We’re proud of these Tillman Scholars for continuing to make an impact on their communities. Read on to see how they continue to lead through action.
Secretary of Defense Lloyd J. Austin III appointed Bridgette Bell to the the Independent Review Commission on Sexual Assault in the Military that he created on Feb. 26. The commission will focus on evaluating military policies, programs and processes related to sexual assault. It will also review and assess the best practices from industry, academia and other organizations. This 90-day task includes four lines of effort: accountability, prevention, climate and culture, and victim care and support. Bridgette is a member of the Culture and Climate line of effort, which will address climate and culture regarding sexual assault. The working group will review the implementation of existing support policies and resources across the department. They will also propose new approaches to improve climate and culture that can better ensure all service members feel comfortable reporting sexual assault and using existing services.
Bridgette Bell found a passion for psychology while deployed in Iraq, where she dealt with trauma survivors first-hand as her Army unit’s primary responder for sexual assault victims. It was through this experience she discovered her natural ability to help victims cope and is now pursuing a Ph.D. in Clinical Psychology from Jackson State University. Since August 2020, she has worked as a Clinical Psychology Intern for the Georgia Department of Behavioral Health and Developmental Disabilities while completing her degree. She hopes to specialize in trauma, grief, and writing/art therapy.
Matt Miclette, Executive Director of Action Tank, and his team released a short-form documentary titled “Feeding Philly” that followed the group in 2018-2019 on their mission to fight food insecurity in Philadelphia. Action Tank is a group of veterans who tackle tough problems by harnessing the experiences, skills, and relationships of service-minded citizens to improve the social conditions of the Philadelphia area.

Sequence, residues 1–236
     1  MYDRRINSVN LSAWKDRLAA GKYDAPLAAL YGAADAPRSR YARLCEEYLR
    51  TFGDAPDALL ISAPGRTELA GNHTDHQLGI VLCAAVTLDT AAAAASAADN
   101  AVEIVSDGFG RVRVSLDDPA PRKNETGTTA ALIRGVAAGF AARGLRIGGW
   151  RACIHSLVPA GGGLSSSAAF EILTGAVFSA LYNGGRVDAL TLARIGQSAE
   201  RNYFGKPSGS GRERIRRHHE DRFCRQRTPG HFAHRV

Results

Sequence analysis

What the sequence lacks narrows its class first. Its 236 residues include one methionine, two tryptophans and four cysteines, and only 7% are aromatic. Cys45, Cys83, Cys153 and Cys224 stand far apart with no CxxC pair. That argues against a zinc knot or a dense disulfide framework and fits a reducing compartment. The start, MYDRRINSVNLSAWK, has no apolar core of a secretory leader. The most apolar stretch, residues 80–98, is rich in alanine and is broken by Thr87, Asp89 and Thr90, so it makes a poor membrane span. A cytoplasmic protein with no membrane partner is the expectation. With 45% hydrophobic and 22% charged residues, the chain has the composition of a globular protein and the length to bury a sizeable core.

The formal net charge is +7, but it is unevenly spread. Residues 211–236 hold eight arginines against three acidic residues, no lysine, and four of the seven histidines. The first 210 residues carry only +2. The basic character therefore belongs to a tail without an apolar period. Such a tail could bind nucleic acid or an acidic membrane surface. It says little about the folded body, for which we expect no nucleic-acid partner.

Matt is an Army veteran who spent his service at WRAMC and Walter Reed National Military Medical Center. he often received patients within five days of their initial injuries, most from Afghanistan, and witnessed up close the tragedy of war. He earned his master of public health and master of science in social policy, and now works on public health policies that improve behavioral health resources for Veterans and underserved populations, especially rural and impoverished communities.
Ali Kralick and her family were featured by the Albany Times Union for hiking the tallest peaks in the Catskills. Ali, her husband, and her twin sons became members of the “3500 Club,” which requires hikers climb 35 mountains above 3,500 feet in the
Ali felt a calling to serve and entered the class of 2006 at West Point. Upon graduation, she commissioned as an Army intelligence officer, deploying to Iraq, Afghanistan, and the Philippines during her eight years of service. Throughout her military career, she was a part of the process in which terrorists were identified, found, and ultimately captured. As a Cultural Support Team (CST) leader, Ali’s interactions with the women and children on the battlefield opened her eyes to the need to balance punishment with compassion.
Syed Faraz was featured in Poets & Quants, where he reflects on the harsh realities he faced following his graduation from University of Texas-Arlington, the factors that influenced his decision to enlist in the Air Force, and highlights the basis of his current M.B.A. research at Stanford University. The article details the impact the GI Bill, Stanford and the Yellow Ribbon Program has made on him, spotlights Syed’s military service, and explains his initiative to create holistic leadership development programs for Stanford’s student veterans.
Syed joined the Air Force in 2011 and served as his unit’s chief technology officer. During his service, he flew more than 630 combat hours, served in the Obama-directed rescue of 40,000 refugees, and led a campaign to deliver aid to 1,600 earthquake survivors. In his final three years, he worked on national security innovation as the chief technology officer for the U-2 spy-plane community